Sleep Quality and Migraine Status among Undergraduate Students in a Large Urban University Thailand
Keywords:Migraine, Sleep quality, Undergraduate students, Thailand
Background: Migraine is a specific chronic headache which involved sleep process and chronobiologic patterns in regulation of sleep and headache. Therefore, current study investigated whether migraine headache could affect sleep quality among undergraduate students.
Methods: A cross-sectional study was used to study the undergraduate students at a large public university in Bangkok, Thailand (N=317). A self-administer questionnaire was ascertained general demographics. The Pittsburgh Sleep Quality Index (PSQI) was used to assess sleep habits and quality. The criteria established by The International Headache Society (ICHD-II) were used to assess migraine status. Chi-square tests and multivariate logistic regression models were used to identify statistically significant associations.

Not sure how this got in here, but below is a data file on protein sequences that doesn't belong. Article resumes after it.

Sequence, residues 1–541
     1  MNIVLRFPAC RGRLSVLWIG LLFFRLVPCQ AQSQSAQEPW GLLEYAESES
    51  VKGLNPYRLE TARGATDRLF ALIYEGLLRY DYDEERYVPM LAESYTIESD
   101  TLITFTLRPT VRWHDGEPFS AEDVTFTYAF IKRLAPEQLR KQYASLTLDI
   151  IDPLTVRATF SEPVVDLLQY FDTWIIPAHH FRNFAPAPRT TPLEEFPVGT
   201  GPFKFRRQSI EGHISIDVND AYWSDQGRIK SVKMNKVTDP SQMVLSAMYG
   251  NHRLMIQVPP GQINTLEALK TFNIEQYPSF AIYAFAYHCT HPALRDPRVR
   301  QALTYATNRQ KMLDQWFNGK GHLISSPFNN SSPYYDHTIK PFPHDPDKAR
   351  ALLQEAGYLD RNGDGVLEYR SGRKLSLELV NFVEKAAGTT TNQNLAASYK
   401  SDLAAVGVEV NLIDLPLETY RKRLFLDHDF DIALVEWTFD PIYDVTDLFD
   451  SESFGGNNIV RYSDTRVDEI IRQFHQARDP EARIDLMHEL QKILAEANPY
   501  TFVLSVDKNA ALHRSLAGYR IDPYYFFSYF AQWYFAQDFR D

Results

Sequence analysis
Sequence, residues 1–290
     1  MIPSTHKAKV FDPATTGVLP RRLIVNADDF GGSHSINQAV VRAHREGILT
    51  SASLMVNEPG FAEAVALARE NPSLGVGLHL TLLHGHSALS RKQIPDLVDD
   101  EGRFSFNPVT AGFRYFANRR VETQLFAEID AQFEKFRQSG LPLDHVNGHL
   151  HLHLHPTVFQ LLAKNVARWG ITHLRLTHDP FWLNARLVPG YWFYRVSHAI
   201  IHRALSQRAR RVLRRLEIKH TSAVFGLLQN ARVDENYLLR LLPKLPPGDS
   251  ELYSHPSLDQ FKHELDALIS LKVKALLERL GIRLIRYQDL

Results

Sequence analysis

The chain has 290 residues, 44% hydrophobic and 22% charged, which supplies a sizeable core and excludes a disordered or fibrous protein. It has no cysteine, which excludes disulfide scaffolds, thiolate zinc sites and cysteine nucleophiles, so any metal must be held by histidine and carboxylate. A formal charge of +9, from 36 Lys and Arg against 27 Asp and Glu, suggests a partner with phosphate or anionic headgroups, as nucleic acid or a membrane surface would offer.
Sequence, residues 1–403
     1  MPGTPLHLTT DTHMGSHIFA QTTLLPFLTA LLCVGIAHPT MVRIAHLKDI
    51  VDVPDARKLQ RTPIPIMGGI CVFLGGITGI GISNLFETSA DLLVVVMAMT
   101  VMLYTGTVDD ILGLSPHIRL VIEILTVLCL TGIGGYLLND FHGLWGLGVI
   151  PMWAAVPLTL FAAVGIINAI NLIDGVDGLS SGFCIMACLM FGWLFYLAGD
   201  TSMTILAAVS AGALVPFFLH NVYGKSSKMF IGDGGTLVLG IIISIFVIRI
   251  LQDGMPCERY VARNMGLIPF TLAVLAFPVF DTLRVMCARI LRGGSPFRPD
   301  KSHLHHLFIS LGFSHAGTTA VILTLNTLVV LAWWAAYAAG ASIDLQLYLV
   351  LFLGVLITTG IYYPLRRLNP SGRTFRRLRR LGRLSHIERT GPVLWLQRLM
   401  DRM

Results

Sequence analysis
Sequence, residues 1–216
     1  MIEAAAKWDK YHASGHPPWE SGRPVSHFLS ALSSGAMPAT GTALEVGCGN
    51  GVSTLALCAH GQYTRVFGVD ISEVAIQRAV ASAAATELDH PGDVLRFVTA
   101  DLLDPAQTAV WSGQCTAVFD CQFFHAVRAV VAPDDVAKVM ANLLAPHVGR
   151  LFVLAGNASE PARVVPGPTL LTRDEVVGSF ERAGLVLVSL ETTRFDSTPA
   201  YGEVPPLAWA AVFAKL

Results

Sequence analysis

Results: Sleep quality components were not statistically associated with migraine status among undergraduate students. With those not statistical association, poor sleep quality was tended to increase a 1.299 times risk of migraine (AOR = 1.299; 95% CI 0.329-5.131). Less sleep duration than 6 hours was suggested to increase 1.35-fold odds of migraine students (AOR = 1.352; 95% CI 0519-3.523). Longer sleep latency than 15 min had a 1.277-fold increased odds of migraine (AOR = 1.277; 95% CI 0.523-3.116) although statistical significant was not achieved.
Conclusion: Migraineur students had more poor sleep than non-migraineur students but not significant. These findings emphasize the requirement to educate students on the importance of sleep and policy makers to take action to improve the quality of headache care and access to treatment in Chulalongkorn University.